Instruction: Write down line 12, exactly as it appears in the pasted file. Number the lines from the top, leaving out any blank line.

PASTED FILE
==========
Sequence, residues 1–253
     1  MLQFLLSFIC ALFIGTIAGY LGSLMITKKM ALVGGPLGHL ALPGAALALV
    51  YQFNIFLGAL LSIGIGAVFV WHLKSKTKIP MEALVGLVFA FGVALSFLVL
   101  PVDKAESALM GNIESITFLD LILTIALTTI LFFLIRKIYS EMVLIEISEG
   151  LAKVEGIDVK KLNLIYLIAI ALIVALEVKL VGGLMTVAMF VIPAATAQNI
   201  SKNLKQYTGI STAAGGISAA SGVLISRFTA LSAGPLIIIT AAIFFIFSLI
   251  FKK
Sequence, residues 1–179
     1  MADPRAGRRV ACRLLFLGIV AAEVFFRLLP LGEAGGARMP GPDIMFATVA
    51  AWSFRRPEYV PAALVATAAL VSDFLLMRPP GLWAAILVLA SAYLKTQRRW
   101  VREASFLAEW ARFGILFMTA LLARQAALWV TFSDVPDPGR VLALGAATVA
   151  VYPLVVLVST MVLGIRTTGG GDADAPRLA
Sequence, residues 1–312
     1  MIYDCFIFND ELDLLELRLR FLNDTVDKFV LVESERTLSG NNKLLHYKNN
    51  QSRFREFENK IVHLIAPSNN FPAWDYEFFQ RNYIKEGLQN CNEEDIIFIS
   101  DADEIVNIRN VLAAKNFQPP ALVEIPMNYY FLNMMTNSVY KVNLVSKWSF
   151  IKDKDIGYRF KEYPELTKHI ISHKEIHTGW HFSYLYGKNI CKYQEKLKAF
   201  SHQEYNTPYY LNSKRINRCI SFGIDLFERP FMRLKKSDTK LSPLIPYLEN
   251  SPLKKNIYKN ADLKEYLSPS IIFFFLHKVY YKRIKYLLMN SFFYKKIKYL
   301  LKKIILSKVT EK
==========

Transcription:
   151  VYPLVVLVST MVLGIRTTGG GDADAPRLA